Congresswoman Carol Shea-Porter, a member of the House Armed Services Committee, placed a number of key provisions in the FY11 National Defense Authorization Act (NDAA). These provisions include protecting TRICARE from cost increases, assessing the vulnerabilities in the defense supply chain, studying post-traumatic stress disorder (PTSD), examining the feasibility of burn pit registry, studying pre-deployment counseling for single service members with dependent children, honoring military spouses, reviewing genitourinary trauma in the military, holding reckless defense contractors accountable, and expanding the small arms industrial base. The NDAA was approved late last night by the House Armed Services Committee.
Protecting TRICARE From Cost Increases
Shea-Porter's amendments will ensure that TRICARE health care co-payments and prescription drug costs do not increase in 2011.
Assessing the Vulnerabilities in the Defense Supply Chain
Shea-Porter's amendment will establish an Executive Agent within the Department of Defense to prevent the introduction of counterfeit microelectronics into the defense supply chain. A number of recent reports focus on the dangers posed by attacks on the supply chain. With our national security increasingly dependent on computer-reliant technology, Shea-Porter's language will help ensure that the products and services we buy and use are not vulnerable to sudden, catastrophic failure or to cyber attacks.
Studying Post-Traumatic Stress Disorder
Shea-Porter's language will require an assessment of post-traumatic stress disorder (PTSD) incidence by military occupation. This study will identify military occupations where service members report a high incidence of PTSD, so preventive measures can be more accurately targeted to those most susceptible. Many service members returning from Iraq and Afghanistan have reported suffering from PTSD. The Army alone has reported 39,331 individual cases of PTSD from January 1, 2005, to March 8, 2010.
Examining the Feasibility of a Burn Pit Registry
Shea-Porter's language directs the Secretary of Defense to provide a report on the feasibility of establishing an active registry for service members and veterans who have been exposed to occupational and environmental chemical hazards. The report will discuss the processes by which service members exposed to toxic chemicals could be included in the registry and also procedures to provide medical examinations to service members eligible for inclusion in the registry. A significant number of the roughly two million service members who have served in Iraq and Afghanistan have been exposed to these toxic burn pits, and hundreds of returning veterans are now displaying health symptoms. This language was based on HR 4477, the Military Personnel Toxic Exposure Registry Act, introduced by Rep. Tim Bishop and Shea-Porter on Jan. 20, 2010, which has been endorsed by Disabled American Veterans, the Iraq and Afghanistan Veterans of America, the Military Officers Association of America, and the National Guard Association of the United States.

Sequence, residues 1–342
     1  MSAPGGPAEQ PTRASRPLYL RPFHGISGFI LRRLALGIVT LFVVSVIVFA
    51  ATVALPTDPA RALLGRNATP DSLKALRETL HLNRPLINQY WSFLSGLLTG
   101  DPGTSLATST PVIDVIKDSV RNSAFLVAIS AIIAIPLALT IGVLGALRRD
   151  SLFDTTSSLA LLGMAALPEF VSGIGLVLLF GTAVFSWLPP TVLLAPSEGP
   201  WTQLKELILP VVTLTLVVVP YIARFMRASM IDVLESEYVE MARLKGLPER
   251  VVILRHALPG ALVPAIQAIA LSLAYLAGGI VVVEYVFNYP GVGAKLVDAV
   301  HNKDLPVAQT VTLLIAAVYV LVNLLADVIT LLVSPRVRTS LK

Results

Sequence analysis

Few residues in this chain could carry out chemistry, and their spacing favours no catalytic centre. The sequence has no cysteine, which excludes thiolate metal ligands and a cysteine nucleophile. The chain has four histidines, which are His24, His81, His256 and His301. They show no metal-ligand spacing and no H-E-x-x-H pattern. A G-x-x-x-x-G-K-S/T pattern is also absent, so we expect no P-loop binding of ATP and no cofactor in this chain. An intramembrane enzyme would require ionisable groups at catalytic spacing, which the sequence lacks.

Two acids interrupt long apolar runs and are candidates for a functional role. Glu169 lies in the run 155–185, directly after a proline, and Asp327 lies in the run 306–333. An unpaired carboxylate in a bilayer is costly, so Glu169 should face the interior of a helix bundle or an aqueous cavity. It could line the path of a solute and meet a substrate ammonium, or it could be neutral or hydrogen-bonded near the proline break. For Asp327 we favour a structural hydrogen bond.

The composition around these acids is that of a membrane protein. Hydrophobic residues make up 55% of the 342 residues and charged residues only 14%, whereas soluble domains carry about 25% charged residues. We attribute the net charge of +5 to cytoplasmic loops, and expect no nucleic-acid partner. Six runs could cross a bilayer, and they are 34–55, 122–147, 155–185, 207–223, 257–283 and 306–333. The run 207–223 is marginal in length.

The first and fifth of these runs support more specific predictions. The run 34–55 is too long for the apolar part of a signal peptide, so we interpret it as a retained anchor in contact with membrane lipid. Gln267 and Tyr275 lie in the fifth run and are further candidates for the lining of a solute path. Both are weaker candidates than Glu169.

Studying Pre-Deployment Counseling for Single Service Members with Dependent Children
Shea-Porter's language directs the Secretary of Defense to study the feasibility of establishing a pre-deployment counseling and services advisory panel. The language also requires a review of pre-deployment counseling and services provided to single service members and their dependent children, to identify best practices and make recommendations for improvement. There are 72,968 single active-duty service members with dependent children in today's military, of whom 18,237 are currently deployed, and the needs of these families must also be met to preserve readiness and retention.
Honoring Military Spouses
Shea-Porter's language authorizes the design of an official military spouse pin. Lapel pins would be available to all spouses of service members or veterans who have served in a combat zone for more than 30 days. The pin will enable spouses of National Guard and Reserve service members, who do not live on or near bases, to find each other more easily. Earlier this month, Congresswoman Shea-Porter introduced the Military Spouse Pin Act (H.R.5233), which was endorsed by the National Military Family Association. This bill's language was incorporated into Section 572 of the FY11 NDAA.
Reviewing Genito-urinary Trauma in the Military
Shea-Porter's language requires a review of the current state of medical training and research for genitor-urinary trauma within the DoD to determine if better care can be provided in combat zones. Genitourinary trauma currently accounts for up to 10% of all war related injuries, and too many service members and veterans are currently living with these painful injuries.
Holding Reckless Defense Contractors Accountable
Shea-Porter's language requires the Secretary of Defense to reduce or deny award fees to contractors who jeopardize the health and safety of government personnel. This language will improve our ability to hold defense contractors accountable for reckless or grossly negligent behavior that endangers the safety and lives of US troops and personnel. She was prompted to act after learning that defense contractors accused of producing defective work that placed the lives of US soldiers at risk were still being awarded multi-million dollar contracts.
Expanding the Small Arms Industrial Base
Shea-Porter's language redefines the small arms industrial production base by striking the definition that previously limited the small arms base to only three companies, and by requiring the Secretary of Defense to award contracts for small arms parts procurement through a competitive process. Full and open competition for future small arms parts procurement will strengthen US manufacturing capacity and increased competition will help reduce taxpayer expenditures.